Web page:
Sven-Goran Eriksson's reign as England's first foreign manager has been a tale of one spectacular result, two mediocre tournaments and a Scandinavian forest's worth of tabloid spreads about his off-field activities.
Like two of his three predecessors in the job, Glenn Hoddle and Terry Venables, the Swede's main problems have had little or nothing to do with the performance of the team.
From his failure to disclose "categorically," as he put it, to his Football Association bosses whether he had a brief relationship with an FA secretary in 2004, to last week's "fake Sheikh" sting in a Sunday tabloid, controversy has followed him around.
Last week's News of the World story, in which a journalist posed as a wealthy Arab businessman, quoted Eriksson as saying he would dump his England job to take over Aston Villa.
The story also contained Eriksson's candid comments about several England players.
Exhausting FA patience
A week later, a further story in the same newspaper quoted the Swede as saying that three Premier League clubs had been involved in illegal payments in relation to transfers.
It appears that story finally exhausted the FA's patience with a man they have stood by through thick and thin and paid a king's ransom. On Monday, they announced he would leave his post as head coach after this June's World Cup.
Eriksson became England manager in January 2001 after a distinguished career in charge of IFK Gothenburg, Benfica, AS Roma, Fiorentina, Sampdoria and Lazio.
On the surface the slim, suited 57-year-old with the air of a diplomat seemed the ideal appointment for the FA after the roller-coaster reigns of Venables, Hoddle and Kevin Keegan.
Eriksson's dignified demeanour, though, masked an almost naive attitude to the more mischievous elements of the English press.
Unmarried but living with a long-term Italian partner, Eriksson survived the revelation of an affair with Swedish television presenter Ulrika Jonsson in 2002.
A year later speculation was rampant that he was about to become Chelsea manager after he was photographed outside the home of the club's Russian billionaire owner Roman Abramovich and later with Chelsea chief executive Peter Kenyon.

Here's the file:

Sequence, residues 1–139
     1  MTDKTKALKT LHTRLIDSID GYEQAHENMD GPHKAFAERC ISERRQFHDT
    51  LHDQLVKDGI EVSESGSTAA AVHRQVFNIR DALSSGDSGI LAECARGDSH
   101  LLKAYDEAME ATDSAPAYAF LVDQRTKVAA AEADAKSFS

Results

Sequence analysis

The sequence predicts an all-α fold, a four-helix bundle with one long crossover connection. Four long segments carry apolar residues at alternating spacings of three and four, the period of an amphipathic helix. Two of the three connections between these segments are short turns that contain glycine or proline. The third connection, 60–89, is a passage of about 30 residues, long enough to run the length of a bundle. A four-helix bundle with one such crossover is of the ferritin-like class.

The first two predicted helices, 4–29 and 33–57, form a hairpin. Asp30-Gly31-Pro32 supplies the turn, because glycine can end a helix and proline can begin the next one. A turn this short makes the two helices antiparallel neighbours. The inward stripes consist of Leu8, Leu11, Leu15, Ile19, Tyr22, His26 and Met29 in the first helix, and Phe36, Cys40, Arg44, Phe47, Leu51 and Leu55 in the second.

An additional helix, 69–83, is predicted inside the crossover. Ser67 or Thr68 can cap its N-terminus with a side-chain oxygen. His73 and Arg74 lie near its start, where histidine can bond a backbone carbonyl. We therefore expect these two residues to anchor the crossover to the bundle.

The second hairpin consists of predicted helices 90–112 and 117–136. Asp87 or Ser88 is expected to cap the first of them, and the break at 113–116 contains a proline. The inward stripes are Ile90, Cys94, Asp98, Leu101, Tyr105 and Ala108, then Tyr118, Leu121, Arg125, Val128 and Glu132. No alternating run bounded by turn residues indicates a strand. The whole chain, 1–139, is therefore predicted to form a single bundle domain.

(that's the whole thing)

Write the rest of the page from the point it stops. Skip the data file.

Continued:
Eriksson was handed an extended deal in 2004 that would take him though to Euro 2008 - a lucrative contract that made him one of the highest-paid managers in world football.
England was a little unlucky in losing on penalties to hosts Portugal in the quarterfinals of Euro 2004, having had a last-minute winner ruled out in normal time.
In simple terms, the performance represented no progress from the 2002 World Cup, when England lost to Brazil in the quarterfinals and departed with a similar sense of what might have been.
Eriksson's current squad is the most talented England have possessed since the 1990 World Cup in Italy, where they reached the semifinals.
With striker Wayne Rooney, who Eriksson plunged into the side as a 17-year-old, now established as one of the sport's great talents, and a midfield that is the envy of the world, England will be realistic challengers in Germany.
With Michael Owen, Steven Gerrard and Chelsea duo Frank Lampard and John Terry, not to mention Real Madrid's David Beckham, England will expect to reach at least the semifinals.
If the discovery of Rooney is Eriksson's biggest legacy - on the pitch at least - his finest hour was the 5-1 demolition of Germany in a World Cup qualifier on September 1, 2001.
Over 90 glorious minutes, England supporters and their modest manager could scarcely believe their eyes as the team tore apart the Germans at Munich's Olympic stadium, recording their biggest victory over their old foes.
For that result alone, England supporters will probably always have a soft spot for the Swede who erred once too often.
If he could deliver the World Cup, 50 years after England lifted the trophy against Germany at Wembley, even his most fierce critics would give him a grudging pat on the back.